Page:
Still, he was a sweet young dog – well intentioned if a bit absent minded. That hasn’t changed much. He’s still very sweet and decidedly absent minded. I’m not sure that he was entirely well served by having spent most of his life observing plague procedures (even before staying home and avoiding people was the cool thing to do). He’ll tolerate them once they’re inside the house and deemed not a threat, but he’s not especially well socialized with people or other dogs.
Our boy does, however, have a soft spot for cats. Hershel was his best friend and he’s still trying to devise a way to show Anya and Cordelia that he’s not 70 pounds of slobbering mess hell bent on running them down. They’re slowly figuring it out. Occasionally, Anya will even give him a few head butts when she thinks no one is looking. I’m optimistic those relationships will flourish in time.
In most other ways, Jorah is a complete reflection on my philosophy of dog raising… He barks at every unexpected noise and anything moving down the street. I tell him to stop. He barks some more. Truthfully, the only strictly enforced rules are 1) The bathroom, for canine members of the household, is always outside and 2) The living room furniture is out of bounds. Beyond that, he’s welcome to the run of the place. He loves napping on my bed through the day, but has never made an effort to sleep there at night. I can only assume my sheet-twisting and flailing around disturb his peaceful sleep.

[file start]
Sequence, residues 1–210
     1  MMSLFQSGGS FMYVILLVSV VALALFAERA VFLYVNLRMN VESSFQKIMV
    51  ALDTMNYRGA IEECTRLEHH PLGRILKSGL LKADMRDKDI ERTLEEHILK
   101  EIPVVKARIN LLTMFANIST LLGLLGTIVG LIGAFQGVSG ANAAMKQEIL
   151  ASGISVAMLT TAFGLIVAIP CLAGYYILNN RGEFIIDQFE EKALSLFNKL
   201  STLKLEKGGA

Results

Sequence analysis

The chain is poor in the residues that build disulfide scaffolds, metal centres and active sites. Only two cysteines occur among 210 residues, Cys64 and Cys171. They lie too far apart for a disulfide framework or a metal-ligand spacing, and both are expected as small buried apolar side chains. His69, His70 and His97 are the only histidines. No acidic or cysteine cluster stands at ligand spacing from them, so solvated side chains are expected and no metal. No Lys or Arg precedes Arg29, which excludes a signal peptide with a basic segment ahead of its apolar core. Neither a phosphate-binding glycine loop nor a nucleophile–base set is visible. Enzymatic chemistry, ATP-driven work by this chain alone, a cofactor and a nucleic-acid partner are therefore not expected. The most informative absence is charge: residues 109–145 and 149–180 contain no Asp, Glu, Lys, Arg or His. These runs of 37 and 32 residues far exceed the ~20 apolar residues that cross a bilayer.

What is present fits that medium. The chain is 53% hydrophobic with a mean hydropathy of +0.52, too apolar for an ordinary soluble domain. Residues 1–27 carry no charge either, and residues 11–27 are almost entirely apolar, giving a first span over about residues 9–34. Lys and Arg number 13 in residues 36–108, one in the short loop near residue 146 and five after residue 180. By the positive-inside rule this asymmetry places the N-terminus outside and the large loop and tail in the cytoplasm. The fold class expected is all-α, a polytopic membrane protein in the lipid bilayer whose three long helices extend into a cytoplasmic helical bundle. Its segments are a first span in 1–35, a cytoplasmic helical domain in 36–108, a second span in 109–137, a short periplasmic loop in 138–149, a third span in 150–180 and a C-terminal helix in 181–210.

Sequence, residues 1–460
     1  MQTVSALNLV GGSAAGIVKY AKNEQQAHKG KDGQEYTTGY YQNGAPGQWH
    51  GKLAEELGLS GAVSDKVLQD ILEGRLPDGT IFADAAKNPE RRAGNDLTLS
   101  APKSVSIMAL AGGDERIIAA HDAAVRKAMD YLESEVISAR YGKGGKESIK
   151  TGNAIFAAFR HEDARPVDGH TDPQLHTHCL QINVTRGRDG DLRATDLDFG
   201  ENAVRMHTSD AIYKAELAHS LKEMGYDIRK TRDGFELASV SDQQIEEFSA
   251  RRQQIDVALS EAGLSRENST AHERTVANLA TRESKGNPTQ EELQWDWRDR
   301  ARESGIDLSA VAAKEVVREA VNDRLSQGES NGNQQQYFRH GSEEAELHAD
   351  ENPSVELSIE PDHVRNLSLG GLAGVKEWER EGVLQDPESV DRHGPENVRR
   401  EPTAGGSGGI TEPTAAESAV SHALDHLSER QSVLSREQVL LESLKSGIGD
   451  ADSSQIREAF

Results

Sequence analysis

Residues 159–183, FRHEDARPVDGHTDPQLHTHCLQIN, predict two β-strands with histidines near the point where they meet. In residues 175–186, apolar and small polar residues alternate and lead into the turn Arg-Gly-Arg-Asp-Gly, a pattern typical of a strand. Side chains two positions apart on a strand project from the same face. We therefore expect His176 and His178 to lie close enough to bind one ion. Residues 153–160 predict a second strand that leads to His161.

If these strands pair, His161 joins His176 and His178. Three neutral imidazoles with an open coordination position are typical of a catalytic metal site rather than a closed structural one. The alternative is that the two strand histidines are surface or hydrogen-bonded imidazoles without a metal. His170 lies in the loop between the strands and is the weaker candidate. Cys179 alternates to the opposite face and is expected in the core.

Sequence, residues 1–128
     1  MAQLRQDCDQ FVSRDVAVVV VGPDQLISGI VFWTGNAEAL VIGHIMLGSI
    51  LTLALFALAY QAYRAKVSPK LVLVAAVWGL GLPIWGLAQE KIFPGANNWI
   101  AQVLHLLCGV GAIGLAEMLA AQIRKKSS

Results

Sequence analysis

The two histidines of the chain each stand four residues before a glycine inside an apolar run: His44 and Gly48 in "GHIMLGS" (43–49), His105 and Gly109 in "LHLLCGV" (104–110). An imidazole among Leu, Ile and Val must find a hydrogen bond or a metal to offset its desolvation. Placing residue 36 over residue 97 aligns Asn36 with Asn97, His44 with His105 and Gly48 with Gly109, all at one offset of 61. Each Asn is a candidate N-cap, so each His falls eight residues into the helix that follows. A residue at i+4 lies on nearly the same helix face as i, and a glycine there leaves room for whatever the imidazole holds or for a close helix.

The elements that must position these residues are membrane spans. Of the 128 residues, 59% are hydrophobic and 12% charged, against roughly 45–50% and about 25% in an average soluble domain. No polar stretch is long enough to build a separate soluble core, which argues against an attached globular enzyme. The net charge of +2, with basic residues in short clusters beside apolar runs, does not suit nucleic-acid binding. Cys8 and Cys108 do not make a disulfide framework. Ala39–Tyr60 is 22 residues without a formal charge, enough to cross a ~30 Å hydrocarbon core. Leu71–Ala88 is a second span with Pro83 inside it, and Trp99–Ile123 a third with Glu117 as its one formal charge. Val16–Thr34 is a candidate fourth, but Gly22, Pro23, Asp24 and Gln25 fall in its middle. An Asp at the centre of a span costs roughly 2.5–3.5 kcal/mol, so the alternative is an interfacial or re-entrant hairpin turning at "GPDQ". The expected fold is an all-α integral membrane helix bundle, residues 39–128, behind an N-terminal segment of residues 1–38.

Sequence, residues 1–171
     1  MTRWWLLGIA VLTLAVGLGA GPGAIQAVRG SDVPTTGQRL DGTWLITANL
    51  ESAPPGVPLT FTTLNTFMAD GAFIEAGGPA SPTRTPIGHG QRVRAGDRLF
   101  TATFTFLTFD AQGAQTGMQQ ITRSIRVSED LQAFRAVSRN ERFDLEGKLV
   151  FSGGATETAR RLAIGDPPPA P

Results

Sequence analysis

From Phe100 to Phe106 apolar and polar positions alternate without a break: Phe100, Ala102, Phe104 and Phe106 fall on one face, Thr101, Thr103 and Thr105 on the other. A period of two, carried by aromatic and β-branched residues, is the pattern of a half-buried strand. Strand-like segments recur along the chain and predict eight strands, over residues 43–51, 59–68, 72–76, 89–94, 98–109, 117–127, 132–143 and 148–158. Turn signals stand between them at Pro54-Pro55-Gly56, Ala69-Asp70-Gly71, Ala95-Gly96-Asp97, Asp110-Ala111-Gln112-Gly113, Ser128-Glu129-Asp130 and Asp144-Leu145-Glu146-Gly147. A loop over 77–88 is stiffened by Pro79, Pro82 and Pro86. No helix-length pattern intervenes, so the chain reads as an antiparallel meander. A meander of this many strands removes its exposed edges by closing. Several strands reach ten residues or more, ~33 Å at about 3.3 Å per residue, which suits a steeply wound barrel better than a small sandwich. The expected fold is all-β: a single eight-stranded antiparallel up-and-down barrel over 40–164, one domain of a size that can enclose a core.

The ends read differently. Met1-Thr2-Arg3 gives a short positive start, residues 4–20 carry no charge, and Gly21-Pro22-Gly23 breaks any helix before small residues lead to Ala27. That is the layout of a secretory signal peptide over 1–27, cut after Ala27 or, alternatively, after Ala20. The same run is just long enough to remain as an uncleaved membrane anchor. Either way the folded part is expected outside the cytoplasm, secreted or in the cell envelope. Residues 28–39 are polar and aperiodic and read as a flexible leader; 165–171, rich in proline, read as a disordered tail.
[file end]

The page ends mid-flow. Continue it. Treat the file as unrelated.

I thought for a long time that I would always be a two dog household. Maybe I am, but I’m in no rush to find that second one just now. After a spring spent focused on our misadventures in feline veterinary medicine, I’m happy enough enjoying things exactly as they are at the moment.
I went to an estate sale over the weekend. I just happened to see the signs while on my way to do other things and dropped in. It was promising. The big house, fairly modern, with its rolling green lawn overlooking the Elk River should have been a good buying opportunity. It was about as picturesque a scene as you could want in a region that prides itself on sweeping water views.